She practices mirror-gazing, driven to understand these images and their possible connection to her forgotten past, and discovers that it’s kind of addictive with its wild, boundless power coursing through her veins. Soon, she learns to control what the mirror shows her.
When new neighbors move in, Leah is shocked that they're dead ringers for the people in her visions. According to Brian, with the gorgeous ice-blue eyes, and his father, she is a MirrorMaster--an alien with a gift that lets her travel through mirrors, even to worlds light years away. Her birth parents sent them to take her from Earth back to her homeworld of Jantyr, a planet she doesn’t remember. They’ve searched for her ever since she disappeared.
But Leah’s long-lost birth sister, a sorceress, activated an ancient device to trigger a cataclysm on Jantyr as a bid to consolidate her own power. Leah must return to Jantyr, master her newfound ability in order to locate and wield crystals that will disable the device, and thwart her sister’s plans. Otherwise, the destruction will consume the entire galaxy, including Earth and everyone she loves.
This tale springs alive in the first chapter, almost in media res. Main character Leah, once a two-year-old foundling on the beach in upscale Sea Cliff Heights, California, knows that her rescue is tied to a graveyard incident involving mysterious disappearances. On the anniversary of that night every year, weird things always happen. She’s weird. Doesn’t belong. She fumbles into her ability to conjure past events and distant places in her bathroom mirror, when the power in her basement goes out on that anniversary. She’s amazed and confused. So are we. Should I know more about this strange town? Did I miss book one? There isn’t much room for questioning, because that’s just the beginning and things happen very fast.
Don’t get hung up on little details, because Palmer has many more surprises in store. Subtly may have been sacrificed but efficiency wins the day, and this story just keeps flowing. It flows impeccably, as a squeaky clean narrative that anyone old enough to tackle the grade level would be safe reading. Mirror Masters would be a wonderful read for pre-teens or young teens, before the obsession with proof and explanation takes over. And where is the fun in that, anyway? This is fantasy, just go with it. For any reader, I advise to suspend disbelief—float along and enjoy—because the first half of the book only sets the stage for the real epic, when Leah finds herself in her actual hometown, on another planet called Jantyr…and she faces a destiny that may better have been called a curse.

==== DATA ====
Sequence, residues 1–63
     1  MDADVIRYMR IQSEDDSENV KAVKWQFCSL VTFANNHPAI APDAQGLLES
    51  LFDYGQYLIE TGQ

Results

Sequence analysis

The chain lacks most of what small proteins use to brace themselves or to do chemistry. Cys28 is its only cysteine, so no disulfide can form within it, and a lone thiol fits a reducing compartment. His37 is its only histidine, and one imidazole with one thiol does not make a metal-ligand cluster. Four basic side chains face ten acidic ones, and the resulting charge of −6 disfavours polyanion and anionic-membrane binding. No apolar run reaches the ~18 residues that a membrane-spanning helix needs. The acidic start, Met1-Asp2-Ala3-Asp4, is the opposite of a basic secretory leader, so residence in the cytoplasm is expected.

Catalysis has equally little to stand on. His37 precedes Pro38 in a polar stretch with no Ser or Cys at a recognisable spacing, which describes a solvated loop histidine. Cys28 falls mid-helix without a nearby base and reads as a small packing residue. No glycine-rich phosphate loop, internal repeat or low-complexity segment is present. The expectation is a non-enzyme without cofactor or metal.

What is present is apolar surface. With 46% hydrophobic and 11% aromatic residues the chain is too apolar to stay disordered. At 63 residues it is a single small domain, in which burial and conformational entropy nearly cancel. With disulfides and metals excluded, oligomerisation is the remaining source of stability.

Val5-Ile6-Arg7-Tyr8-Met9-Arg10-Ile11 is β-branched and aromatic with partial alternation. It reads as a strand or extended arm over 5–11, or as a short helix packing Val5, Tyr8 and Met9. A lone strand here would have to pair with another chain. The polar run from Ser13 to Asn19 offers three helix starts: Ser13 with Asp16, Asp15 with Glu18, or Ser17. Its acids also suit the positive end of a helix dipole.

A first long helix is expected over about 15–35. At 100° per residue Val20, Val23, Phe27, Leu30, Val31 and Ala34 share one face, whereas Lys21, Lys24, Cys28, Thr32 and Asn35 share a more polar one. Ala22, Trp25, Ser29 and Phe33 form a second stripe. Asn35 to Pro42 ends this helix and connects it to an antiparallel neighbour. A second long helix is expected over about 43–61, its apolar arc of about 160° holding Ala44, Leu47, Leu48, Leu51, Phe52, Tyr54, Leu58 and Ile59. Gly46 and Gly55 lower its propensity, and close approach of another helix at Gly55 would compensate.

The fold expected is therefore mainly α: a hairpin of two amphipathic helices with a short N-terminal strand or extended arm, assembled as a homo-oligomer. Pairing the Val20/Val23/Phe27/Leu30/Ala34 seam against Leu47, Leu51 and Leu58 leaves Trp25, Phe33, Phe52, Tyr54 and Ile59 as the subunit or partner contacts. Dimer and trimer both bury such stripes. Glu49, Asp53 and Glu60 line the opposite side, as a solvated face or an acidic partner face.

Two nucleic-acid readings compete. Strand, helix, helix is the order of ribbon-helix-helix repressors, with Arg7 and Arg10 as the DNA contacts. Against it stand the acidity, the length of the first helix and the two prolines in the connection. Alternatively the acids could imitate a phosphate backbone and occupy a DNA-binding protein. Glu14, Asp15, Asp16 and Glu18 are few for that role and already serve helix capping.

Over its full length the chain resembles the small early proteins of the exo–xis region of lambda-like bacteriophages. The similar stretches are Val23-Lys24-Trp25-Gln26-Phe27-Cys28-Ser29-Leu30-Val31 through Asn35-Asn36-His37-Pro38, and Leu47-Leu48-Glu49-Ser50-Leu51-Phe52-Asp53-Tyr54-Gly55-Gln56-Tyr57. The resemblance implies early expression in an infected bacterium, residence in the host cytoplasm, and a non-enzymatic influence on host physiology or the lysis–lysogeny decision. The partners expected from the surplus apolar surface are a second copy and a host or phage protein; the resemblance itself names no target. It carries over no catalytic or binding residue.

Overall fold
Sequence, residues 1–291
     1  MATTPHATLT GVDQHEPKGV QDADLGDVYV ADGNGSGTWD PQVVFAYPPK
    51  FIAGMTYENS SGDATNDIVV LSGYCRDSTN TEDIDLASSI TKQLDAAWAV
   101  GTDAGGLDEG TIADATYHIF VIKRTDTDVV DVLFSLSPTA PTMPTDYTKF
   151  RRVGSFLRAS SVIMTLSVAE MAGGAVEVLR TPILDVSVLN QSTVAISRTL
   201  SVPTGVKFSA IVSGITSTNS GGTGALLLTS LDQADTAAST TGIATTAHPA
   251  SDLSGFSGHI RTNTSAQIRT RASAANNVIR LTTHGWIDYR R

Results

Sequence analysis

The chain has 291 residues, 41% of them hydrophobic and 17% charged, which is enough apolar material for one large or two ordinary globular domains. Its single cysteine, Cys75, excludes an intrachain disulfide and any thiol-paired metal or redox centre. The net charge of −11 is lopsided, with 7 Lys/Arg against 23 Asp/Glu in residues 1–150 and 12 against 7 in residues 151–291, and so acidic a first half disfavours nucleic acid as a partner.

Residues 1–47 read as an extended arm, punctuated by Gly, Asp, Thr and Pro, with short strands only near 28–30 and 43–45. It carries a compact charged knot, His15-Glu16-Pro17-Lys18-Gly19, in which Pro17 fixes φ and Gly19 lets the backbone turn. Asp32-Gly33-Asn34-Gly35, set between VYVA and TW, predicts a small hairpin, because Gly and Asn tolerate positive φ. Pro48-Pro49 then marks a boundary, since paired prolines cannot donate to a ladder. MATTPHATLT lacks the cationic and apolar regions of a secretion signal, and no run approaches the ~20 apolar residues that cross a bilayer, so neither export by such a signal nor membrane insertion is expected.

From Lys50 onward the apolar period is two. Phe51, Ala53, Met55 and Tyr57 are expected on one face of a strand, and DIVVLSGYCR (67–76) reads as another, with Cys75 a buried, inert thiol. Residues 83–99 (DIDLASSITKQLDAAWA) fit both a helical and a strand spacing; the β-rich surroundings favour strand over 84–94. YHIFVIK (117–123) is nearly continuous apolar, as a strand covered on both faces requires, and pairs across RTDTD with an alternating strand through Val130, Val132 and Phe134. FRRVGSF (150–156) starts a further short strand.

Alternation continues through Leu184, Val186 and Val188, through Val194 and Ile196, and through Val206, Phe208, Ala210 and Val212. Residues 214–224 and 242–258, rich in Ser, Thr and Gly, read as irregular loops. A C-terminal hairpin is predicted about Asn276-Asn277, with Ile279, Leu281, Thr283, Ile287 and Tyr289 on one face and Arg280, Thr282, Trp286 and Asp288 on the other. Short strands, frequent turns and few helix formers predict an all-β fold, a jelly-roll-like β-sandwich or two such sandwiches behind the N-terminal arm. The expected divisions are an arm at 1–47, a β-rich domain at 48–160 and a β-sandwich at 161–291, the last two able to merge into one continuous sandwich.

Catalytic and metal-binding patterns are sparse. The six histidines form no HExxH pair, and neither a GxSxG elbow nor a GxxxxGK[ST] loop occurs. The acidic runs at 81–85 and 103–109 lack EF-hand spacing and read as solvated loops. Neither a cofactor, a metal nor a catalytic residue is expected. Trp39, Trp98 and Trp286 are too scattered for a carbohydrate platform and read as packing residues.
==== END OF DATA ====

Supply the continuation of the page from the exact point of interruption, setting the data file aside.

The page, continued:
On Jantyr, Palmer lets loose with the pure fantasy that she must have been craving to write, and her story takes some unique twists and turns. Singing sand, talking keys, and lightening orb weaponry—no questions asked! A beautiful scene that I loved: Leah witnesses souls trapped in the wall of an old castle, being led to the light by a dearly departed friend. There is much to explore on this world, and I loved being there—Palmer gives just enough detail to fire up the imagination, yet not so much that it slows the story down. I found myself quite caught up in the plight of Leah’s doomed planet (yes, there is death and destruction), rooting for her unlikely love match (yes, the romance is very sweet), and scared that she might face a fate worse than death at the climax…
The climax could have gone on for an entire chapter or more, with all the nuances that Palmer invites a reader to ponder about a soul’s existence beyond what we normally understand. That's good stuff! Unfortunately, after such a build-up and at break-neck speed, the story ends so fast I felt my neck for whiplash. Yet, there’s something to be said for calling an encore! Lora Palmer created a world that I want to investigate more, to settle into and fall in love with, and brave Leah is an inspiration for any young woman.